|Doesn't look anything like Yul Brunner|
But that's a different story to the one I want to relate. For Mongkut did save Thailand and Thailand's monarchy. And on the day we hear of King Bhumipol's death, it's perhaps worth reflecting on the manner of that salvation. For when the Thais look at their closest neighbours - in Indo-China and in Burma - they see once proud nations that were cast into colonial slavery under the French and British. Moreover they can look more recently at the tragedies of independence for those places - at the impoverishment of Burma under Ne Win's lunatic Burmese Way to Socialism, at the millions dead and displaced by nearly thirty years of war in Vietnam and at the suicidal genocide Pol Pot visited on the Khmer.
Thailand - Siam - avoided this tragedy because it remained independent. And the members of Thailand's parliament stood for nine minutes in silence today because Mongkut saved the monarchy too. Far from the bumbling, lovestruck man of the film, Mongkut was an intelligent, wise, hard-working and effective monarch. Not the first or last victim of American historical revisionism but undoubtedly one of the more egregious cases of rewriting what happened to make it seem down to a Yankee.
In 1855 Mongkut - or rather his ministers led by (my favourite Thai of all) Somdet Chao Phraya Borom Maha Si Suriyawongse - signed a treaty with the Governor of Hong Kong, Sir John Bowring. Because we're western-centric, we usually refer to this as the Bowring Treaty:
Bowring Treaty, (1855), agreement between Siam (Thailand) and Britain that achieved commercial and political aims that earlier British missions had failed to gain and opened up Siam to Western influence and trade.Again we should appreciate that Mongkut and his advisors knew what was happening elsewhere - in China, in Vietnam and even in India. The Siamese negotiating position was not strong and Mongkut knew he had to arrange some sort of deal or see what had been done to the stronger and richer kingdom of Burma happen to his kingdom. Siam had some leverage from playing the British, French and Dutch off against each other but in the end a deal was concluded with Britain rather than with the corporate interests representing France and the Dutch. Sir John Bowring was an envoy of another monarch allowing Si Suryawong to get him in front of Mongkut so as to conclude the deal:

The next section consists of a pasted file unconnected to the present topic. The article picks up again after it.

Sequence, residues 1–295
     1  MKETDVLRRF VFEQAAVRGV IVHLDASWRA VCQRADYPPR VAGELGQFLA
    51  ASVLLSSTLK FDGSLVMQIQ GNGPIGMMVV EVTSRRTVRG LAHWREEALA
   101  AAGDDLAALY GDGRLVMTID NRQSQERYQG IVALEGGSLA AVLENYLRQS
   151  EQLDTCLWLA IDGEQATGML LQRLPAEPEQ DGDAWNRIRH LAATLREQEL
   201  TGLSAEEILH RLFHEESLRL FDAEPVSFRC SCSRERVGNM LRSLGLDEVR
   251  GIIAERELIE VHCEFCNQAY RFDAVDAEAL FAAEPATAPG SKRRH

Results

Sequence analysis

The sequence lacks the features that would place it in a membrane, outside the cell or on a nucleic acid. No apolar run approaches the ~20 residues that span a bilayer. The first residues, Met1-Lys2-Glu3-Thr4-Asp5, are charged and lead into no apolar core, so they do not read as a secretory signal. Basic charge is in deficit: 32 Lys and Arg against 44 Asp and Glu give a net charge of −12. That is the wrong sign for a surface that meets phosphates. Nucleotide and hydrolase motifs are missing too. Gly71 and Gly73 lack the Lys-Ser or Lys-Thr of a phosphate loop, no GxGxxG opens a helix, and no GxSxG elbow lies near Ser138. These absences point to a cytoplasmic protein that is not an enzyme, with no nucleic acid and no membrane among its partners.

The treaty lifted many restrictions imposed by Thai kings on foreign trade. It set a 3 percent duty on all imports and permitted British subjects to trade in all Thai ports, to own land near Bangkok, and to move freely about the country.
There shall henceforward be perpetual peace and friendship between Their Majesties the First and Second Kings of Siam and their successors, and Her Majesty the Queen of Great Britain and Ireland, and her successors. All British subjects coming to Siam shall receive from the Siamese Government full protection and assistance to enable them to reside in Siam in all security, and trade with every facility, free from oppression or injury on the part of the Siamese; and all Siamese subjects going to an English country shall receive from the British Government the same complete protection and assistance that shall be granted to British subjects by the Government of Siam.For all that came afterwards, this moment in modern Thai history was central. In principle Siam was the equal of Britain (although everyone involved knew this was something of a conceit) and had kept its freedom at the cost of ending the Royal monopoly of trade, removing tariffs and allowing British - and subsequently through further treaties, American - merchants to operate freely within the kingdom.
So today I know Thailand will, while mourning the passing of King Bhumipol, nod to history and to the time when an earlier wise king secured peace and independence by signing a trade deal with the world's most powerful nation. Thailand is a great country because of Mongkut - it's a shame our view of him is of a bald, buffoon in a 1950s Hollywood musical. Dr Bassett was right, he deserves - and Thailand deserves - much better.